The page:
What is a Grevy’s zebra?
The long-legged, endangered Grevy’s zebra is the largest of the wild equids. It is distinguished by its unique stripes, which are as distinctive as human fingerprints. Foals are brown with reddish-brown stripes, and gradually their coats darken to black. The Grevy’s are more closely related to the wild ass than the horse, while the plains zebra is more closely related to the horse. Grevy’s also are taller, have larger ears, and have narrower stripes than plains zebras. They are the largest of the zebra species.
350 to 450 kilograms (770-994 pounds)
125 to 150 centimeters in length (50-60 inches)
12 to 13 years
Grasslands and savannas
Lions, cheetahs, hyenas, hunting dogs, African wild dogs, leopards, humans
Grevy’s zebras have undergone one of the most substantial reductions of range of any African mammal.
Habitat loss in an already restricted range is a serious threat to the Grevy’s survival. They have to compete for resources with other grazers, as well as cattle and livestock. Due to overgrazing and competition for water, Grevy’s juveniles have a low survival rate. Over the past three generations (30 years) there was a population reduction of 54 percent from an estimated population of 5,800 in the 1980s. The population of Grevy’s today is about 2,800, and the Grevy's is listed as endangered on the Red List of Threatened Species.
Hunting for endangered Grevy’s zebras persists.
In Ethiopia, hunting is the primary cause of the decline of Grevy’s zebras. They are primarily hunted for their striking skins, but will occasionally be killed for food and, in some regions, medicinal uses continue. In addition to illegal hunting, Grevy’s also face threats from disease outbreaks, drought, habitat loss, and fragmented populations.
Our solutions to protecting the Grevy’s zebra:
African Wildlife Foundation worked with Kenya Wildlife Service to fit Grevy’s with collars, in Buffalo Spring National Reserve. The GPS-GSM collars provide scientists with critical information concerning their movement patterns and whereabouts. By gaining an understanding of their patterns, scientists are better able to protect the zebras.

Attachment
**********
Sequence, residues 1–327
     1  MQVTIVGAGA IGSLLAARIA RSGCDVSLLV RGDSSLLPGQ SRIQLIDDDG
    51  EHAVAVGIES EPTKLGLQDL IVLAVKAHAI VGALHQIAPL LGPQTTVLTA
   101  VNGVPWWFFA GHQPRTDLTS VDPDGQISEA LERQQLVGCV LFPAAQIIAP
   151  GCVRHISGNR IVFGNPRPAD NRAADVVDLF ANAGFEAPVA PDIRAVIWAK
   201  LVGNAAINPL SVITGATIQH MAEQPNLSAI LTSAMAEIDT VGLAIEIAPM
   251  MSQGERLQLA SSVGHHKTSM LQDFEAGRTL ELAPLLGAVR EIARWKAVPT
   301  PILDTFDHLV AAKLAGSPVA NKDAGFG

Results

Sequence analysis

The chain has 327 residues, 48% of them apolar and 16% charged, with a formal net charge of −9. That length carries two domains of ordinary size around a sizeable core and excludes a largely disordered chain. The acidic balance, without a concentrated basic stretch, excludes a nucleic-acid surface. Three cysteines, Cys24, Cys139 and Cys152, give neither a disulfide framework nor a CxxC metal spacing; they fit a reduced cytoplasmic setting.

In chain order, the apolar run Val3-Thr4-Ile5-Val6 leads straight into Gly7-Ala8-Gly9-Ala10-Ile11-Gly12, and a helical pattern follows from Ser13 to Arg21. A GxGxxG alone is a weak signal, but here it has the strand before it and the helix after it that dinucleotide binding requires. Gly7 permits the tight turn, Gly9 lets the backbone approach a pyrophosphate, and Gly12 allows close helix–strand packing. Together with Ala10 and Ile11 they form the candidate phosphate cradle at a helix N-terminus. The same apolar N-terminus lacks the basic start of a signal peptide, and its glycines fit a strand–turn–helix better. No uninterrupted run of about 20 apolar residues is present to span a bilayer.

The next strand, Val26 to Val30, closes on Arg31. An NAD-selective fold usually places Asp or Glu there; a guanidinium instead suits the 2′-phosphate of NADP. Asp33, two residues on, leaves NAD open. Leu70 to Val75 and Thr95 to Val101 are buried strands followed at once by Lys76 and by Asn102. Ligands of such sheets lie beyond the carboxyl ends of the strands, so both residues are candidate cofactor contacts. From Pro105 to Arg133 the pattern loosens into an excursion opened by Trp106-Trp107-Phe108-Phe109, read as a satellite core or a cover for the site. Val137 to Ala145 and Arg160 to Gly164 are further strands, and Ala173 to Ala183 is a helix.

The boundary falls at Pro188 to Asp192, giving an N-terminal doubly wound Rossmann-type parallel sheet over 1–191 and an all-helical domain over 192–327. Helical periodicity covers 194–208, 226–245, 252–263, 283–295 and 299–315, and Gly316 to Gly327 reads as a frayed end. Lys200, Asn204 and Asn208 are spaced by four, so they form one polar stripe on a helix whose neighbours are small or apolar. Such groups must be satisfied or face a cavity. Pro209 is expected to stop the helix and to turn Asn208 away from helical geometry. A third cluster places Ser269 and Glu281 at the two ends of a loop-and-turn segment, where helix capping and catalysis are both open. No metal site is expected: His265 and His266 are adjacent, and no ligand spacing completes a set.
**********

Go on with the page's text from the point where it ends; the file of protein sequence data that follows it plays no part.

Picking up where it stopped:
AWF works with communities who live in close quarters with wildlife and equips scouts with essential tools, such as GPS monitoring devices and vehicles. As a result, AWF is able to ensure enhanced protection of wildlife in these regions, as well as provide additional employment opportunities to local communities.
They have social structures.
Grevy’s zebra live in herds but are loosely social animals that do not have concrete social systems. A stallion’s attachment to his land and a mare’s attachment to her young are the most stable relationships. Within the herd, dominance is relatively nonexistent, except for the right a territorial male has to a breeding female. If no females are around, the resident male will associate with bachelor males in a friendly manner.
Grevy's zebra foals can run less than an hour after birth.
Newborn foals can stand after six minutes, walk after 20 minutes, and they can run after an hour. They are dependent on their mothers for milk until they reach about six to eight months of age. Females usually stay with their mother for about 13 to 18 months, and the males often stay with their mother for up to three years. Peak birth periods for the Grevy’s are usually July through August, and mature females breed in two-year intervals.
They are grazers.
Grevy’s zebras are extremely mobile grazers, and they can digest many types, and parts, of plants that cattle cannot. Despite their mobility, Grevy’s are water dependent and will migrate to grazing lands only within reach of water.
Where do Grevy’s zebras live?
Grevy’s zebras inhabit semi-arid grasslands where they have access to a permanent water source. Historically, the Grevy’s inhabited the semi-arid scrublands and plains of Somalia, Ethiopia, Eritrea, Djibouti, and Kenya in East Africa. However, due to rapid declines in their population, they are now confined to the Horn of Africa — primarily southern Ethiopia and northern Kenya.